Exactly 18 out of 18 times since every single midterm since WWII, 1946, 12 months later the S&P 500 was higher.- Ryan Detrick - Senior Market Strategist at LPL Financial
The S&P 500’s October was one of the worst months in years. In this week’s podcast, LPL Research strategists, John Lynch and Ryan Detrick, discuss why things may still look up by year’s end.
Since World War II, the S&P 500 has never been lower a year after midterm elections. Sitting presidents tend to lose Congressional seats during midterm years. That usually leads to some form of economic stimulus to boost the chance of re-election. The LPL Research strategists note that they don’t expect things to be different this year.
There are signs of an improving economy, as earnings continue to come in much better than expected. Year-over-year wage growth came in above 3% for the first time since April 2009. Many are worried this is a sign the economy is running too hot, but the strategists note this is actually a “sweet spot” for wages. It’s when wage growth reaches 4% that trouble can kick in.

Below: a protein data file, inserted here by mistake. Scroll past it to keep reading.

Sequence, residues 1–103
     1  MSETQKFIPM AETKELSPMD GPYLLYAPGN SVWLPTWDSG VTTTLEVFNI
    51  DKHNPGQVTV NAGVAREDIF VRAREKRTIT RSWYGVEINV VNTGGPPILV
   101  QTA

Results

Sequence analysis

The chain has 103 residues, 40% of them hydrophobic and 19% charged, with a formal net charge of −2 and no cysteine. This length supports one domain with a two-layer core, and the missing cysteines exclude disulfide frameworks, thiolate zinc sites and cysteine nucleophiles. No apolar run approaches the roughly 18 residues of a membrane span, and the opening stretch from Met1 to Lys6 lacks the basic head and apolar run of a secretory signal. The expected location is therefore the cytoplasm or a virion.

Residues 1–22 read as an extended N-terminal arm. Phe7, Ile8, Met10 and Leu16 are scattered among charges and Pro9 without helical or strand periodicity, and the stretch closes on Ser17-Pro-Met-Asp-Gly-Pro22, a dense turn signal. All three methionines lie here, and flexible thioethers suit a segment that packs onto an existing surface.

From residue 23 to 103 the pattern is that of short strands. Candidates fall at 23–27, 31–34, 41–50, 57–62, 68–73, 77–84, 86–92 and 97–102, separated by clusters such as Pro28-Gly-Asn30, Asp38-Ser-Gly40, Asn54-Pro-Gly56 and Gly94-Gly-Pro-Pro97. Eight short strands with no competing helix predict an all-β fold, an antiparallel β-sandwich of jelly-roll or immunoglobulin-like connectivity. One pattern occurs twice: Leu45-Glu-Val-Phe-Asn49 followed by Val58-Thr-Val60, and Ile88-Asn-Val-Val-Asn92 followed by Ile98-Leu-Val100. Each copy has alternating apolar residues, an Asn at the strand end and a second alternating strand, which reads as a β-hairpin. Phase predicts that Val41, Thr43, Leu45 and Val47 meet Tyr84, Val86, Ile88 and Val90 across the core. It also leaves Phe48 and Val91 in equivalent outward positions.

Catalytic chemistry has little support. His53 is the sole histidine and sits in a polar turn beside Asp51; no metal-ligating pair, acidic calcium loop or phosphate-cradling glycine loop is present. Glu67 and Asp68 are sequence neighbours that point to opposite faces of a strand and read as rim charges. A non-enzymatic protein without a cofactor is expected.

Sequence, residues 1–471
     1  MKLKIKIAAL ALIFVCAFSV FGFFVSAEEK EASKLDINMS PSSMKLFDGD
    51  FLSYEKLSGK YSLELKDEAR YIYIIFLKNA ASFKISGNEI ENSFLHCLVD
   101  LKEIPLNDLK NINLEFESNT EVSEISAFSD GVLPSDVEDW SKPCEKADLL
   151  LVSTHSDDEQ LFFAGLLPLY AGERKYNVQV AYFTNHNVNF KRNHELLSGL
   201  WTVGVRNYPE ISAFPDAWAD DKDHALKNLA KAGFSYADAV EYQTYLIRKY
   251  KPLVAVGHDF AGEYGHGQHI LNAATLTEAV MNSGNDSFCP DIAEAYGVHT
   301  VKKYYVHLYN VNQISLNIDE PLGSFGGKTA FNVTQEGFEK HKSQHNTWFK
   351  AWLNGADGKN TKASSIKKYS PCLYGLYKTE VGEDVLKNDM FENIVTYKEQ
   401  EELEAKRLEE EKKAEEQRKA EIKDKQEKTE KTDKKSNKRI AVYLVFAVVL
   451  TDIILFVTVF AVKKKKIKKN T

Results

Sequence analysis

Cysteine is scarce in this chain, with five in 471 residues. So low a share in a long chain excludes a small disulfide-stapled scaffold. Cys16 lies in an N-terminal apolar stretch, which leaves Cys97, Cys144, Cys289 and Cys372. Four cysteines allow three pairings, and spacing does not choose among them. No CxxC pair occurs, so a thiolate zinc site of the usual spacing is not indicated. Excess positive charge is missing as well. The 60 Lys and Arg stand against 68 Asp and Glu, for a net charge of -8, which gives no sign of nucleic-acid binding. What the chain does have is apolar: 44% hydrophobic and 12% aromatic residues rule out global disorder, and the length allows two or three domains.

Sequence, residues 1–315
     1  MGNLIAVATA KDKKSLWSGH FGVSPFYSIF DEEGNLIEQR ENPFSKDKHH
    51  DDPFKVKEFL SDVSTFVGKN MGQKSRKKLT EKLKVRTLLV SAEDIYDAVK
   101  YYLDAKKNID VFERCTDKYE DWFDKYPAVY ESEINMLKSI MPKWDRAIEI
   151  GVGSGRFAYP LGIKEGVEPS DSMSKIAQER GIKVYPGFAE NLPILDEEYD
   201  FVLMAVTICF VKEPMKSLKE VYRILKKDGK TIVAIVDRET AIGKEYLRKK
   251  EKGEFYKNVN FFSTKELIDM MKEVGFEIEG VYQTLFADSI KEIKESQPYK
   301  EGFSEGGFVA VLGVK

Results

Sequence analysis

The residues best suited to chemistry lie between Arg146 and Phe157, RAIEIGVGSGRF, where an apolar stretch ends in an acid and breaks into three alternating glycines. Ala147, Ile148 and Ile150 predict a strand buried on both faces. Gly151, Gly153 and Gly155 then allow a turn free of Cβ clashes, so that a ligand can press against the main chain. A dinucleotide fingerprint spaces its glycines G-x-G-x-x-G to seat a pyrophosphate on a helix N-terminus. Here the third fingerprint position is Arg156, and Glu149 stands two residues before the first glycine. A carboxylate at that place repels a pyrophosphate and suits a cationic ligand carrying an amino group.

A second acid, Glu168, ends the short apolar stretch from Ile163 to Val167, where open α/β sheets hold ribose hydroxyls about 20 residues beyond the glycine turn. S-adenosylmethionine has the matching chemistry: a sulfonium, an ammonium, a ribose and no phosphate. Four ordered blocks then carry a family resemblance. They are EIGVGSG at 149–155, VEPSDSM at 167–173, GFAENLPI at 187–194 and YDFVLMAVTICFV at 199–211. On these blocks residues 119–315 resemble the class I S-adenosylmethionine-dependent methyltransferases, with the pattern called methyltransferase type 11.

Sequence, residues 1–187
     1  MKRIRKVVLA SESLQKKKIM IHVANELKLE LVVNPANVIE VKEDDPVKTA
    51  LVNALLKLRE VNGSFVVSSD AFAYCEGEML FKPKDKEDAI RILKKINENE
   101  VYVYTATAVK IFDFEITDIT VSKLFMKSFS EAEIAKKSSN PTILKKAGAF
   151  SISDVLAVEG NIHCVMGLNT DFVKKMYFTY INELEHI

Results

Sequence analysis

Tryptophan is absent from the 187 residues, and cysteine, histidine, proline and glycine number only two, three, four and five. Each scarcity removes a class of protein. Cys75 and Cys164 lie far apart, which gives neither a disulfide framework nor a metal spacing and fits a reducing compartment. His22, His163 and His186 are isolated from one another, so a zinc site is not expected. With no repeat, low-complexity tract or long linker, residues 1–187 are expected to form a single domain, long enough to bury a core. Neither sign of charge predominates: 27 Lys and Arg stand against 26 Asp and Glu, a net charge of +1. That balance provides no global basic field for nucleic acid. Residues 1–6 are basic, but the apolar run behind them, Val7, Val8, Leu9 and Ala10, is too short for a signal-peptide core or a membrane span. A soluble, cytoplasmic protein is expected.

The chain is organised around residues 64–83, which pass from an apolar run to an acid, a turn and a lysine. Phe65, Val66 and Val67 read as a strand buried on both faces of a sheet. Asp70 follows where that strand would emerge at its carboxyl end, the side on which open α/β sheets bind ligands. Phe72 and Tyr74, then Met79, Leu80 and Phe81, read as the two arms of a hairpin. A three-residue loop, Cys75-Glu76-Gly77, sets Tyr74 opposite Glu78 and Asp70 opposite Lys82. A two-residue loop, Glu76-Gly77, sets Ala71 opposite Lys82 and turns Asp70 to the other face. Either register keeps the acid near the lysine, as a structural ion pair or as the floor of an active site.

Tune in for the podcast to get more on the LPL Research strategists’ read for what may lie ahead for the market and for the US economy.
The S&P 500 low close in October was on the 29th. The good news is going back to 1950, the S&P 500 has never been lower from the October low close until end of the year during a midterm year.
The calendar is a bull’s best friend, as the fourth quarter during a midterm year is actually the strongest quarter of the four-year presidential cycle. The following two quarters are two of the strongest as well.
For more insights, listen to the entire podcast. And make sure not to miss future podcasts by subscribing to LPL Market Signals on your favorite podcast platform.
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